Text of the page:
Amyloid fibrils are best known as a product of human and animal protein misfolding disorders, where amyloid formation is associated with cytotoxicity and disease. It is now evident that for some proteins, the amyloid state constitutes the native structure and serves a functional role. These functional amyloids are proving widespread in bacteria and fungi, fulfilling diverse functions as structural components in biofilms or spore coats, as toxins and surface-active fibers, as epigenetic material, peptide reservoirs or adhesins mediating binding to and internalization into host cells. In this review, we will focus on the role of functional amyloids in bacterial pathogenesis. The role of functional amyloids as virulence factor is diverse but mostly indirect. Nevertheless, functional amyloid pathways deserve consideration for the acute and long-term effects of the infectious disease process and may form valid antimicrobial targets.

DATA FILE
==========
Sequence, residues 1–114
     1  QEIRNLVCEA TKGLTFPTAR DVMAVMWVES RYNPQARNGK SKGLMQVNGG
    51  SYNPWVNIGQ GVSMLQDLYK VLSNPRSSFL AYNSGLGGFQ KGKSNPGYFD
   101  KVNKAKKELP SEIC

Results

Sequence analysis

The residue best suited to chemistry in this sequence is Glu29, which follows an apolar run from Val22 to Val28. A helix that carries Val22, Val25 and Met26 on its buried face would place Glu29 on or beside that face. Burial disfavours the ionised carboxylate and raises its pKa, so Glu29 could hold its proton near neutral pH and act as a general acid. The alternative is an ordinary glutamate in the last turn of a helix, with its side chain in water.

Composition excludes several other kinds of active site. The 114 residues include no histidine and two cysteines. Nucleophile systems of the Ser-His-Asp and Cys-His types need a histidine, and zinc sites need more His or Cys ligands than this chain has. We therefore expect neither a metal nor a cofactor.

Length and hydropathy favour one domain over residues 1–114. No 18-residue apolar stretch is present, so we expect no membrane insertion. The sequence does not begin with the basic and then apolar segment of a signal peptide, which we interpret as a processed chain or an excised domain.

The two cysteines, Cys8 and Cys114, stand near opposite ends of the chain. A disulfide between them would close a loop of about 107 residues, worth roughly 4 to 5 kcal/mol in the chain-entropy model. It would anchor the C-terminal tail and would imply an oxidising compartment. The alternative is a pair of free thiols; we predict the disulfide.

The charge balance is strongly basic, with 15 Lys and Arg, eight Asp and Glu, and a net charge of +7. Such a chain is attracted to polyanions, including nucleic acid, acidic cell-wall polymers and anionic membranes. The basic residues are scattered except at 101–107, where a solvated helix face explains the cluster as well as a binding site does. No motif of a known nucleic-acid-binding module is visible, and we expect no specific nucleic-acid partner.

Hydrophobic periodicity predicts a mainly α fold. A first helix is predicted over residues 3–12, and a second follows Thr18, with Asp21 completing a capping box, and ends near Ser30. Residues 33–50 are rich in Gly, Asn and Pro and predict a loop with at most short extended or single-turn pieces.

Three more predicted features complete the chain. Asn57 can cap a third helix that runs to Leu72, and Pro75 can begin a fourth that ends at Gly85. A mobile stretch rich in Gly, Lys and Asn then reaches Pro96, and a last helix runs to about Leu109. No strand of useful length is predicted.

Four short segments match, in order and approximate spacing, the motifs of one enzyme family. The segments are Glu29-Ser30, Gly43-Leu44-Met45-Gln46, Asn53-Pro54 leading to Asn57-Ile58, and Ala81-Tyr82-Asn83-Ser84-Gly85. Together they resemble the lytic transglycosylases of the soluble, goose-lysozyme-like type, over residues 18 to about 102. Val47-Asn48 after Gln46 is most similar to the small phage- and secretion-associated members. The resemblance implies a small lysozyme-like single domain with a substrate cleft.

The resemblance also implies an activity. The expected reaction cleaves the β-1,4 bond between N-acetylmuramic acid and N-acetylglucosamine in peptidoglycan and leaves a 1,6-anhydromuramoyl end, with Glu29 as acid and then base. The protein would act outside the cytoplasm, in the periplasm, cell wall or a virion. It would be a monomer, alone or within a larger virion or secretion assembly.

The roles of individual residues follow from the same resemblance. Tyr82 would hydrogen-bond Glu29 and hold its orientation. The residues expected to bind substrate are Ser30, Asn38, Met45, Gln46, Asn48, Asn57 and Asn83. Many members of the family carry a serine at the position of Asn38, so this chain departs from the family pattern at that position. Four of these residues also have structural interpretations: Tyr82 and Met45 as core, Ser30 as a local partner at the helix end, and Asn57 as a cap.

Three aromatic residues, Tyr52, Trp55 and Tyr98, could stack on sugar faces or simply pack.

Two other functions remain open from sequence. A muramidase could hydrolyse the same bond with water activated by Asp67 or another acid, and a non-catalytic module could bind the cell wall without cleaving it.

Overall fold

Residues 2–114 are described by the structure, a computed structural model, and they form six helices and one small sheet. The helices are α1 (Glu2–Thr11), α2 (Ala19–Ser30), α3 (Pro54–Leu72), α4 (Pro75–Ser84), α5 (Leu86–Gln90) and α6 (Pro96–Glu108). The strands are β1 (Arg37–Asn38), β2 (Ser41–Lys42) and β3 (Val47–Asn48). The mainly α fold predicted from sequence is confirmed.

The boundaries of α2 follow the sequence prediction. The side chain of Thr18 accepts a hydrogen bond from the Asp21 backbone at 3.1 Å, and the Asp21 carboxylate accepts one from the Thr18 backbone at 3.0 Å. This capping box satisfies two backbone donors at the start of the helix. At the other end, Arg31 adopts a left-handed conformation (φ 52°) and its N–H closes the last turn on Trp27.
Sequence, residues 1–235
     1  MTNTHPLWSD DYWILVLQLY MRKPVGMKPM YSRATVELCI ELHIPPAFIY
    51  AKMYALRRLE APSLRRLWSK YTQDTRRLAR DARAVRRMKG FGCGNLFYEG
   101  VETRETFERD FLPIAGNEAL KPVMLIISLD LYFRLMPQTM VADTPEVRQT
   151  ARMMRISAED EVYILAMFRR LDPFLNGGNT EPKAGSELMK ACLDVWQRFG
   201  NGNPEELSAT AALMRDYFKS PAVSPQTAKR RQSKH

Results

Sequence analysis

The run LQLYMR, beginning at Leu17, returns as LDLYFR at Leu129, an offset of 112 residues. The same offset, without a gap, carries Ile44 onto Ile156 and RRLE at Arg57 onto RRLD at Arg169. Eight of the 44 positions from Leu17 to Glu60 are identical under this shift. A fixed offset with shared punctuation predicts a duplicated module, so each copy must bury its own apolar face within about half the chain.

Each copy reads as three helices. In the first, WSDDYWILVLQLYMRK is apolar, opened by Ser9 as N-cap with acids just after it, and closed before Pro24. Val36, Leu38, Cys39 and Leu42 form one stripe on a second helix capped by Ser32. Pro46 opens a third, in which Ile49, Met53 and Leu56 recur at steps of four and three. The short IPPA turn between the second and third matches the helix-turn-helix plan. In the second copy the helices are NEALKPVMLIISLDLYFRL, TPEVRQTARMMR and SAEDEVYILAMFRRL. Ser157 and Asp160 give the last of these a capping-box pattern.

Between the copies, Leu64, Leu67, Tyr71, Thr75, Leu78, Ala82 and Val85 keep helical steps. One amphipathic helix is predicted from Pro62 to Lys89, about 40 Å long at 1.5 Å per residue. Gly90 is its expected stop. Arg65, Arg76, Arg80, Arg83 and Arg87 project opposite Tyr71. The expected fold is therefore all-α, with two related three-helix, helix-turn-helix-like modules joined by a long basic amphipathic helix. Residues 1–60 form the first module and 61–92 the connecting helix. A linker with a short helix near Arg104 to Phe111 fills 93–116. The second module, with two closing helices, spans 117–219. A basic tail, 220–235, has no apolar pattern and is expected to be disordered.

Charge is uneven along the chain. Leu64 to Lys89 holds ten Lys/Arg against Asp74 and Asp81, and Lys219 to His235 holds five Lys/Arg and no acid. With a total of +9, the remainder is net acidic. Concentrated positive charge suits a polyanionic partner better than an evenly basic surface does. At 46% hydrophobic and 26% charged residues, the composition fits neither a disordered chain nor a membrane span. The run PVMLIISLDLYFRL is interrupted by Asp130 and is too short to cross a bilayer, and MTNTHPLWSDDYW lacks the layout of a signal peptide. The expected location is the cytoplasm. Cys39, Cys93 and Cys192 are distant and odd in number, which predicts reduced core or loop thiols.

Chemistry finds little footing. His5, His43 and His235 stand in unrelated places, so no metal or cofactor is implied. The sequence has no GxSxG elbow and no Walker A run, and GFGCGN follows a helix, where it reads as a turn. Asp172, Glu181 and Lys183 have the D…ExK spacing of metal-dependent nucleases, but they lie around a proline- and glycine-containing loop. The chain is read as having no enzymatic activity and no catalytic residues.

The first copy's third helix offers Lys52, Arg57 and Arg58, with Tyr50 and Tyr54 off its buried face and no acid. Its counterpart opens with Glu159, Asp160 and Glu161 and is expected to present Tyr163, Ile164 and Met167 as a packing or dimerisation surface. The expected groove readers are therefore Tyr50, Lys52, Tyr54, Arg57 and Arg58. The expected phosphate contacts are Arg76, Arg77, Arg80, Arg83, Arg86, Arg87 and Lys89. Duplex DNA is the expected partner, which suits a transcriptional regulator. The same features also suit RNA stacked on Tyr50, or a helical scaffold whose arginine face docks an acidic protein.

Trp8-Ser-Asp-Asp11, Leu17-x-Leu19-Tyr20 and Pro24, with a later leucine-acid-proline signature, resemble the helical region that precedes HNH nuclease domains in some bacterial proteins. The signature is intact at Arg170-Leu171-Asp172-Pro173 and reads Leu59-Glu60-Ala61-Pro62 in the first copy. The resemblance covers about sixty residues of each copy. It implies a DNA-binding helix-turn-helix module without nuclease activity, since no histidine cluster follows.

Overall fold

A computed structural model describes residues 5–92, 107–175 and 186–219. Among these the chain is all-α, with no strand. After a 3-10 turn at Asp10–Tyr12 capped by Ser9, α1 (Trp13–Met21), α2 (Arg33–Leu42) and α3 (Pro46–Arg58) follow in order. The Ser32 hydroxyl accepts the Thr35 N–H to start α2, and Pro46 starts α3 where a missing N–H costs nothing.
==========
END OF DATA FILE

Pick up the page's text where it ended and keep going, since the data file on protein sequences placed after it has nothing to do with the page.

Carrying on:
- bacterial adhesion
- bacterial pathogenesis